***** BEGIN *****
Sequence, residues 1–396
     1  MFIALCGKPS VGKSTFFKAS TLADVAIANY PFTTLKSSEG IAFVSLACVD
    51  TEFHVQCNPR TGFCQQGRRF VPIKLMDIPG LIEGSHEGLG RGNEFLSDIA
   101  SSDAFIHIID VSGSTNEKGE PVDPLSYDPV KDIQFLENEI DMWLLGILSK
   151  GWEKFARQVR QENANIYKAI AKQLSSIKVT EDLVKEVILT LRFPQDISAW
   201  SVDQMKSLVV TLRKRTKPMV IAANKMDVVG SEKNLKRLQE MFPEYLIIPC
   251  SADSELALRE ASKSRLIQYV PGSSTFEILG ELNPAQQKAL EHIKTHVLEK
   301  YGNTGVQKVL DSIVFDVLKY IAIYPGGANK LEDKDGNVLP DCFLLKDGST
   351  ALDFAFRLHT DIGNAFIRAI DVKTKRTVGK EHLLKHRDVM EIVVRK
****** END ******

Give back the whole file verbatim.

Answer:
Sequence, residues 1–396
     1  MFIALCGKPS VGKSTFFKAS TLADVAIANY PFTTLKSSEG IAFVSLACVD
    51  TEFHVQCNPR TGFCQQGRRF VPIKLMDIPG LIEGSHEGLG RGNEFLSDIA
   101  SSDAFIHIID VSGSTNEKGE PVDPLSYDPV KDIQFLENEI DMWLLGILSK
   151  GWEKFARQVR QENANIYKAI AKQLSSIKVT EDLVKEVILT LRFPQDISAW
   201  SVDQMKSLVV TLRKRTKPMV IAANKMDVVG SEKNLKRLQE MFPEYLIIPC
   251  SADSELALRE ASKSRLIQYV PGSSTFEILG ELNPAQQKAL EHIKTHVLEK
   301  YGNTGVQKVL DSIVFDVLKY IAIYPGGANK LEDKDGNVLP DCFLLKDGST
   351  ALDFAFRLHT DIGNAFIRAI DVKTKRTVGK EHLLKHRDVM EIVVRK